United Kingdom

During the 1950’s, the UK government became concerned that emanations could be captured and then reconstructed. Obviously, the emanations from a blender aren’t important (at least not then, now they may become important in the “internet of things”), but emanations from an electric encryption device would be. If the emanations were recorded, interpreted, and then played back on a similar device, it would be extremely easy to reveal the content of an encrypted message. Research showed it was possible to capture emanations from a distance, and as a response, the TEMPEST program was started.

Nobody envisaged the exponential growth of traffic from telecoms and internet service providers, or that the GCHQ could have found a way of storing and analysing that information as part of its overarching Mastering the Internet project. TEMPORA started in 2008, and can retain for up to 30 days an astronomical amount of unfiltered data gathered from cables carrying internet traffic. The data from Tempora is shared with the NSA, and the NSA’s principal tool to exploit data links, MUSCULAR (a back-door collection from Google and Yahoo private clouds), is operated jointly with the GCHQ.

The Intelligence Services Act 1994 gave GCHQ some powers for the “passive collection” of data, including from computer networks. The British government used RIPA warrants to get taps on to the fibre-optic cables (by the summer of 2011 GCHQ had placed interceptors on over 200 fibre optic cables). These cables carry internet traffic in and out of the country and contain details of millions of emails and web searches. The information from these cables went straight into the Tempora storage programme. End of 2016, extreme surveillance became UK law with barely a whimper.

The GCHQ has also helped counterpart entities in France, Germany, Spain, and Sweden develop methods of mass surveillance of internet and phone traffic.

The Military Intelligence, Section 5 (MI5), also known as The Security Service is the domestic counter-intelligence and security agency of the UK and is directed by the Joint Intelligence Committee (JIC). MI5 is bound by the Security Service Act 1989 and the Intelligence Services Act 1994. It is directed to protect British parliamentary democracy and economic interests, and counter terrorism and espionage within the UK.

After 9/11 MI5 started collecting bulk telephone communications data on which telephone numbers called each other and when, authorised under the Telecommunications Act 1984 instead of the Regulation of Investigatory Powers Act 2000, which would have brought independent oversight and regulation. This was kept secret until November 2015.

Details of MI5 targeted surveillance techniques were revealed in October 2015 in a court case involving three Co Armagh republicans accused of serious charges, including conspiracy to murder police and prison officers. When the judge asked for more details about a vehicle tracking device that had been used to gather evidence, the Public Prosecution Service refused to reveal the information and the case collapsed. The operation apparently involved audio surveillance, tracking devices fitted to vehicles, a helicopter, and maybe even drones.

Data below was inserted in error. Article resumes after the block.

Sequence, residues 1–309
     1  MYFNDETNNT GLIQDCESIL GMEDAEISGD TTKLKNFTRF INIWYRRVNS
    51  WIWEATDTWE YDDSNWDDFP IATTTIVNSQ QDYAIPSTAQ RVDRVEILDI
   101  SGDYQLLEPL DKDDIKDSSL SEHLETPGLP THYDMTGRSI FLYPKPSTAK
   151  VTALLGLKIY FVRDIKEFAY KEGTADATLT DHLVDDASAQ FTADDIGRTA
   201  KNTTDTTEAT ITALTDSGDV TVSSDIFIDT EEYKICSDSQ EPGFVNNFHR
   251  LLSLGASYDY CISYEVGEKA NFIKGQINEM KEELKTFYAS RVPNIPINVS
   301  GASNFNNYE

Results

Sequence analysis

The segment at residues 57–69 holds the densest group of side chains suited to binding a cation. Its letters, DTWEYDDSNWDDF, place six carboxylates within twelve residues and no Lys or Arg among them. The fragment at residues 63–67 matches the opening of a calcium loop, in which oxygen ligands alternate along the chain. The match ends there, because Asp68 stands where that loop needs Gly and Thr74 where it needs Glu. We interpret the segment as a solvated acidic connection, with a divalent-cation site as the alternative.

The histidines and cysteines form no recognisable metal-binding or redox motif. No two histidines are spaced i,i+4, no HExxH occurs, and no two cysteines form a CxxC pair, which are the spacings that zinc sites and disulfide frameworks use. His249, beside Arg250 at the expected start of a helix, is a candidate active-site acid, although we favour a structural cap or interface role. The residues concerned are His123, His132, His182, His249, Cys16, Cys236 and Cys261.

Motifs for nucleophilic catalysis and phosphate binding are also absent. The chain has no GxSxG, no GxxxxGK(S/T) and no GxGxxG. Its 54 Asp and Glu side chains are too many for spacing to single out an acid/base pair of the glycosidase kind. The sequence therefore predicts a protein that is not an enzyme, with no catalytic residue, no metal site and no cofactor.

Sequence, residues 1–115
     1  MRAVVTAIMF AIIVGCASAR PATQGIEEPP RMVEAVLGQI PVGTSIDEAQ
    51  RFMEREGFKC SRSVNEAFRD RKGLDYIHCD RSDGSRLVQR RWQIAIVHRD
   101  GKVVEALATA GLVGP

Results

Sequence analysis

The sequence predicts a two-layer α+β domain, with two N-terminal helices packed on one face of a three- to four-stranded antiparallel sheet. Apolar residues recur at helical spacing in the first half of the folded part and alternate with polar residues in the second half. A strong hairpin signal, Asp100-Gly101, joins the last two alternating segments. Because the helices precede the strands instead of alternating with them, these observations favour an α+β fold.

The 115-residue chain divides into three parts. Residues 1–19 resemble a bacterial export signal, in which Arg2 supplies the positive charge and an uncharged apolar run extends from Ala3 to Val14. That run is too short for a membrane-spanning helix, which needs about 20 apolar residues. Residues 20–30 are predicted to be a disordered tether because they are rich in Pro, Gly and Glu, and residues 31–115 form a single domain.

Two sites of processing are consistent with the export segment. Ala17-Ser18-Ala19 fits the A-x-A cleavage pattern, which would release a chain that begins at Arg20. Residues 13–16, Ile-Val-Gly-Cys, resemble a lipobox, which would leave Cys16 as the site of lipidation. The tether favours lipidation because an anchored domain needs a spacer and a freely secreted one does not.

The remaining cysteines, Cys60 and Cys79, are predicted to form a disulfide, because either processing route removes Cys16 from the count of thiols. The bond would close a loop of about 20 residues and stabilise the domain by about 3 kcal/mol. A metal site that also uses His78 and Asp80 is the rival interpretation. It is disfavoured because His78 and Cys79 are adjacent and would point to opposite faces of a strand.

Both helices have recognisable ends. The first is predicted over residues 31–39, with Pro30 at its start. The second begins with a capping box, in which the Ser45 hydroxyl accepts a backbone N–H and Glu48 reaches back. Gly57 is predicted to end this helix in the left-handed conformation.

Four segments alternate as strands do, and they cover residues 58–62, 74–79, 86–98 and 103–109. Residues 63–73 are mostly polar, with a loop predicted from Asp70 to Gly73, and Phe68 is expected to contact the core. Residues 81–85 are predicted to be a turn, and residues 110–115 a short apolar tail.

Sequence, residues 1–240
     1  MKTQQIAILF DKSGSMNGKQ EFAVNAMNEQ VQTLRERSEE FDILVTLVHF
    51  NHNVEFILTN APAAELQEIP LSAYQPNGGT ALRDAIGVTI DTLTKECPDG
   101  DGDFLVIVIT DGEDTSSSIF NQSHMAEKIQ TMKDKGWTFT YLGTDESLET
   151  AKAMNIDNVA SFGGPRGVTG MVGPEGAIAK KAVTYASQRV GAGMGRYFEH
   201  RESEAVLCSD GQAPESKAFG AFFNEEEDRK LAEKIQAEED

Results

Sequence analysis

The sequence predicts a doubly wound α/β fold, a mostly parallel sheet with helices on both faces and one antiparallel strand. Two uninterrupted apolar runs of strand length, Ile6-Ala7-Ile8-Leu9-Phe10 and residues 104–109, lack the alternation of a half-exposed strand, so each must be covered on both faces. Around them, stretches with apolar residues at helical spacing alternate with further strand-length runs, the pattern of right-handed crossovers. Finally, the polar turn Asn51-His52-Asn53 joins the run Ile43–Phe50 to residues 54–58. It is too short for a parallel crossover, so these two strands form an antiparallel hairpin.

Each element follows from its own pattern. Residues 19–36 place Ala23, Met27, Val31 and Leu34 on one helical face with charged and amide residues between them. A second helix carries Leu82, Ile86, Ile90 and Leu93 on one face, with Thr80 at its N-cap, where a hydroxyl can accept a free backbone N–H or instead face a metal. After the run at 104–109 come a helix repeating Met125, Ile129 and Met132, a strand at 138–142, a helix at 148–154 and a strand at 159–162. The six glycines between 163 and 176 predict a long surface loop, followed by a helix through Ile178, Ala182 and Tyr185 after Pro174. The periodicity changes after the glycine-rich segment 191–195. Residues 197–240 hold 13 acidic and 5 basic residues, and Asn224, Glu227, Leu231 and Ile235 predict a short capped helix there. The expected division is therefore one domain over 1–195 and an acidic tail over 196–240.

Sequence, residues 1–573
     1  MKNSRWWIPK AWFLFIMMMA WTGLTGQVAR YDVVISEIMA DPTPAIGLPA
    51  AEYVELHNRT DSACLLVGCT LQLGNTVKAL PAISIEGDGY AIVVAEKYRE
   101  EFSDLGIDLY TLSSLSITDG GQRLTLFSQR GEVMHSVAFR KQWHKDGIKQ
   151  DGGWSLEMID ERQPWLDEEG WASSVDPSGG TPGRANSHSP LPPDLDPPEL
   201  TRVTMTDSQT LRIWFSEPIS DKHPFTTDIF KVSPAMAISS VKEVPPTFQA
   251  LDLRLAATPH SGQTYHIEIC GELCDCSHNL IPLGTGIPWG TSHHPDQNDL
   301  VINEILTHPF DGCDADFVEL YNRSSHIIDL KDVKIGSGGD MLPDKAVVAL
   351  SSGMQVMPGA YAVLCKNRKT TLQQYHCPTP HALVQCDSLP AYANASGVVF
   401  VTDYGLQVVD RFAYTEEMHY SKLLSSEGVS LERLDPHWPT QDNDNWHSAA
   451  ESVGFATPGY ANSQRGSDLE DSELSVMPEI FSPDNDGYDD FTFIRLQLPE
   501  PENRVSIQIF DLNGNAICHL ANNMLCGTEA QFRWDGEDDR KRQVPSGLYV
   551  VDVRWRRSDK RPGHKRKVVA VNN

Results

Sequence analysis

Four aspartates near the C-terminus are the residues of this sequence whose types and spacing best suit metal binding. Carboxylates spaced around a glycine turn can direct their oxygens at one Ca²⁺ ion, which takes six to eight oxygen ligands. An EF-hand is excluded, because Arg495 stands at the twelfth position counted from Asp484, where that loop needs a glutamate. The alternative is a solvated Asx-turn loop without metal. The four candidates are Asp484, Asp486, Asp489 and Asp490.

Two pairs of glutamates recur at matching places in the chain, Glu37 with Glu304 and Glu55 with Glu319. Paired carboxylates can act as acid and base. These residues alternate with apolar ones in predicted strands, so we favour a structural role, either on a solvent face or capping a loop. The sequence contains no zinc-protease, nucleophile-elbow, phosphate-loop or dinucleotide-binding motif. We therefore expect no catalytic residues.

The Secret Intelligence Service (SIS), also known as MI6, is the British intelligence agency which supplies the British Government with foreign intelligence. MI6 operates under the formal direction of the Joint Intelligence Committee (JIC). The existence of the SIS was not officially acknowledged until 1994.

In june of 2013, Sir Mark Waller, head of the UK’s spy watchdog, stated the agencies should set out the specific invasion of privacy requested so that a proper assessment could be made of whether it was justified and made the recommendation part of his report for 2013.

In 2014, Sir Mark Waller refused to attend a hearing by the Home Affairs Committee on the UK’s anti-terrorism efforts, which would include discussions on programmes such as PRISM, Tempora and Optic Nerve. He was summoned to appear.

During the hearing, Big Brother Watch, present in the second part of the hearing, reiterated the necessity to update, upgrade and adapt current oversight legislation to the actual capacities of GCHQ – capable of bulk data collection, metadata storage, extensive methods of developing and installing malware – that otherwise escape this obsolete system. It took several minutes and an extremely tense back-and-forth between Nick Prickles and Ellis to establish that the Snowden leaks were in the public interest; that they refused to see it any other way, and that they were, in fact, looking at provisions of the Human Rights Act to defend their position to fight against privacy intrusion (this provoked a little sneer from Ellis, which is unsurprising) ~ Career opportunities: intelligence services oversight.

The Defence Intelligence (DI) is a part of the Ministry of Defence (MOD). The primary role of Defence Intelligence is that of 'all-source' intelligence analysis to support military operations, contingency planning, and to inform defence policy and procurement decisions. The assessments are used by the MOD, the Joint Intelligence Committee (JIC), other Government Departments and International partners (NATO and EU). It is this “all-source” function that makes DI different from SIS and GCHQ that focus on the collection of 'single-source' HUMINT and SIGINT.